• It sounds like you want to free the tunnel screen and power from the I from bondage so that we can use it. Might I suggest the Society for Liberation from the Tunnel Screen and Power from the I? Or the SfLftTSaPftI?

Also:

 

joeyb

September 29th, 2011 at 3:33 PM ^

I'm thinking they bring the FB in to make the opponent think it is an I-Form play so they sub in different personnel (maybe not this game, but other teams). Then, they split the FB out wide to force the defense to account for him with personnel that is not suited to spread the field. If they don't account for him then we are going to see screens in the future. If the ball was snapped right then and we threw a bubble screen to the slot, that's almost a guaranteed 20+ yard play. If they do send someone out there to cover him, then you all of a sudden have 5-6 in the box, which makes for a good option play.

It's basically what they do with Wildcat. The QB splits out wide so that the defense can't sub special personnel in for it.

Hardware Sushi

September 29th, 2011 at 3:47 PM ^

"I'm still clinging to the hope that there's something wrong with him physically."

I'm still of the opinion that Denard and the rest of this offense have only played 4 games with new coaches, routes, footwork, timing, general offensive scheme, etc. and we should be patient. Yes, the passing should be better; No, I'm not freaking yet and don't think we should be, either.

We should remember: Denard was in his second year in RR's offense last season, even if it was just his first as starter. The offense, with RR personnel, has had 8 full months since Borges has been hired and less time to work on it with him directly.

Maybe it won't get fixed but it is definitely too early to call it broken.

GetSumBlue

September 29th, 2011 at 4:13 PM ^

I'm sorry, but wins >>>> teh spreadz!

Sure, Denard's reads and overall passing has been poor, but Borges has been trying to improve him as a passer. I don't understand why everyone is complaining. Should we lock Denard into a strictly RR type offense or should we try to expand his horizons so to speak?

I personally think its great that Borges is trying to implement pro style reads and routes. Running plays out of the I-form is fine too. It gives the defense another different look to account for. Complaining about this is simply baffling to me. Denard will adapt eventually and it will only make the offense more lethal in the end. What's also great is that Borges is actually using Denard in the spread option most of the time. That's certainly more that can be said for some coaches.

gbdub

September 29th, 2011 at 4:29 PM ^

Of course wins > the spread. Wins are also > teh MANBALL POWAH PLAY (see what I did there?). So the only relevant question is, which system makes you more likely to win games? For Denard after 4 games as a starter in each system, it would appear that the spread is more likely to create wins. The pro style passing game and gap-blocked I-form power running play to none of our strengths and all of our weaknesses. Denard is having less success as a passer and is getting hit just as often, and we aren't sustaining drives.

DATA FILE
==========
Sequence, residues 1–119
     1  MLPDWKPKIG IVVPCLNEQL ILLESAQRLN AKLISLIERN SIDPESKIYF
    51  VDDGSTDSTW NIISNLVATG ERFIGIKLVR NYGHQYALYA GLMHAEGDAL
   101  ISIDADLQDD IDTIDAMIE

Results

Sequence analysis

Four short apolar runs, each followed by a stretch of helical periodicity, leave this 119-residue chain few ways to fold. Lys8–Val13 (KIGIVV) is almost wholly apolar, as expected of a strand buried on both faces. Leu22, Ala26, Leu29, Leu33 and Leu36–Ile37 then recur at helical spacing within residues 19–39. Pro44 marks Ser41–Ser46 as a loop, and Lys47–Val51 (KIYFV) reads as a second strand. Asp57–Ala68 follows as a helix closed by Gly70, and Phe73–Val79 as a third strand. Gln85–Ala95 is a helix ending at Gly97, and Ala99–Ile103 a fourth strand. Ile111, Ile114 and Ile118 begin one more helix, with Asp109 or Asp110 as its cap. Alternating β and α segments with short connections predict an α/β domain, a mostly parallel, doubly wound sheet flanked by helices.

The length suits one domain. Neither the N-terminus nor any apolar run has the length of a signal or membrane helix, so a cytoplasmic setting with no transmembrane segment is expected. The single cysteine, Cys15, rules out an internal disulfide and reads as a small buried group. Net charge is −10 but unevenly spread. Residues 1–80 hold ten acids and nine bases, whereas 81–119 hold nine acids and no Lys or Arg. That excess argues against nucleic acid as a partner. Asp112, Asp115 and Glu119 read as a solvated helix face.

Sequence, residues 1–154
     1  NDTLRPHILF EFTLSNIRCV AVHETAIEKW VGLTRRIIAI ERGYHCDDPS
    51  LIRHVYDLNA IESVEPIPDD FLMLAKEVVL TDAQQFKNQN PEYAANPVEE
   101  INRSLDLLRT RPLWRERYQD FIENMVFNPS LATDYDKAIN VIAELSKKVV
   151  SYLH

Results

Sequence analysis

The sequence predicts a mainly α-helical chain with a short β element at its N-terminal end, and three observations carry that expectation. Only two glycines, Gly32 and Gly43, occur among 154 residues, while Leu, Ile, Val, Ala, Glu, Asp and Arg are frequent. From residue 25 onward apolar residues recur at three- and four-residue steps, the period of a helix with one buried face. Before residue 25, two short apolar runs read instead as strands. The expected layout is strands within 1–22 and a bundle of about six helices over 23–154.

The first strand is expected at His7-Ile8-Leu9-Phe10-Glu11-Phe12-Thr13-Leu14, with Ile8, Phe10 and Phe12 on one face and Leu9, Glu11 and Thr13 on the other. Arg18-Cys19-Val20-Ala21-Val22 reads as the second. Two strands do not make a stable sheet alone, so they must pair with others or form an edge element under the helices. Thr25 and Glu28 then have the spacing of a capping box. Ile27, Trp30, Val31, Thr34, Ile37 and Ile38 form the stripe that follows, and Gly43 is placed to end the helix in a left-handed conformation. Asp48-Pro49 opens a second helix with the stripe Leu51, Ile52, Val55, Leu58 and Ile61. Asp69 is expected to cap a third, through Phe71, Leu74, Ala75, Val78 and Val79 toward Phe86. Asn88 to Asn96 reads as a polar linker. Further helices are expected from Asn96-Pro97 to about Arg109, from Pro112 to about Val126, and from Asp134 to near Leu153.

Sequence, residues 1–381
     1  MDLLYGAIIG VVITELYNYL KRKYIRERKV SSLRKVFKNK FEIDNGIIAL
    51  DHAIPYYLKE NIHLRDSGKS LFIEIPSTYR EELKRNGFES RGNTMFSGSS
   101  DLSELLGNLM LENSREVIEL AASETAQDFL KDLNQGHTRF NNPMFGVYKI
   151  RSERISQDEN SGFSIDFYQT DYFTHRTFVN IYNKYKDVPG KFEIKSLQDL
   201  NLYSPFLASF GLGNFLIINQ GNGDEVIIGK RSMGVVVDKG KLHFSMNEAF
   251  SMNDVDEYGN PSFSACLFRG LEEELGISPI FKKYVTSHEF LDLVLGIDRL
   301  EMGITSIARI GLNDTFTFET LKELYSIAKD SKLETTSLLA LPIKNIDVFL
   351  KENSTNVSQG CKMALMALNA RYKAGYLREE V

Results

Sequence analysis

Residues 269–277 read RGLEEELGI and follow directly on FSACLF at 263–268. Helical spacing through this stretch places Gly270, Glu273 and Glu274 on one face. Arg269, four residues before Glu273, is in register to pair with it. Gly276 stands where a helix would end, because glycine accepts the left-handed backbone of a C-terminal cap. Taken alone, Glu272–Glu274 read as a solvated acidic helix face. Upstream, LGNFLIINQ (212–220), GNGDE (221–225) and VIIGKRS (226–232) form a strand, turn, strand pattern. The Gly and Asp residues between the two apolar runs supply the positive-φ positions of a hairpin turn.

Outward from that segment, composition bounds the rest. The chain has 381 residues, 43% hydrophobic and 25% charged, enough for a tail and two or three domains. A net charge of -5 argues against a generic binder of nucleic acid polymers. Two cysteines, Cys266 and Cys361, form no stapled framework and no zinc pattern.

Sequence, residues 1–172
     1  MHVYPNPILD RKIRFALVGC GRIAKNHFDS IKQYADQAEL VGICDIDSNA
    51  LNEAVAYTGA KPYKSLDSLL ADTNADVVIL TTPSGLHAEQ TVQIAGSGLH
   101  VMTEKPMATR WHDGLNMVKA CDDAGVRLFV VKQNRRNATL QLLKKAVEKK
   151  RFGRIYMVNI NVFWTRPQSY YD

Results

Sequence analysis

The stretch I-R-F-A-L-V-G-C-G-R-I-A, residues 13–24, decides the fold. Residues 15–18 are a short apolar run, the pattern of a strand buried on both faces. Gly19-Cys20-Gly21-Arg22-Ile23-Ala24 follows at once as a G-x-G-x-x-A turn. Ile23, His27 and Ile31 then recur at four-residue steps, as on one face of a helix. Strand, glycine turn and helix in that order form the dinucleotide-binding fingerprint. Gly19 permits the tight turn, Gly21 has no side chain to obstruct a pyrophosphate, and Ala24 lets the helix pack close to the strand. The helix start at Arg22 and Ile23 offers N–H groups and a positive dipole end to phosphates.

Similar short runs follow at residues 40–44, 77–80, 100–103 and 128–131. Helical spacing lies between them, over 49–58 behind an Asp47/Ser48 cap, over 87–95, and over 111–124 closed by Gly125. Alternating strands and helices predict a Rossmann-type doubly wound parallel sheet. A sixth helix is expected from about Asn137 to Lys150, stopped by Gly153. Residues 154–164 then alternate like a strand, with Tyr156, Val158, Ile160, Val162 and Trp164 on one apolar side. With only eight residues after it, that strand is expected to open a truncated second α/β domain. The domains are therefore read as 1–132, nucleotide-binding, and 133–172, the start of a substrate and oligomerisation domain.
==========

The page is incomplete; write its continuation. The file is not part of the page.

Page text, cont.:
Instead of just stating outright that "pro form makes Denard more lethal" please explain how exactly it will lead to more offensive success. Backhanded statements about the former coaching staff are not valid arguments.

I guess you can make the argument that I-form gives another look for the D to prepare for, but what good is that if it's not successfully run? Denard was far from perfect in the RR system last year, but instead of improving what he was good at we're wasting practice and game reps on a system the team isn't built for. Instead of running an RR offense, we're running an offense that's 70% limited subset of RR spread that Borges has been able to crib off of old game film and 30% pro set stuff that isn't working at all. Why don't we perfect the stuff that DOES work first, and only THEN work on new things?

Seattle Maize

September 30th, 2011 at 3:35 AM ^

I think the reason why you cant expect the coaching staff to work on perfecting the spread of 2010 is becuase they are different coaches.  This seems like an obvious statement but I dont think you can reasonably ask them to coach something that is foreign to them nor do I think it would be a good idea.  What we would get is a toned down version of last years offense with out the foundation laid down a future Borges offense.  Focusing on running only the spread would also hurt the transition for the rest of the offense.  I would rather sacrifice some offensive production this year and be better for it in the long run.

Also, eventually Denard will get comfterable in this offense.  We have all seen that he is a hardworking kid and when the game does slow down for him then this offense can click and be explosive and efficent like the last one.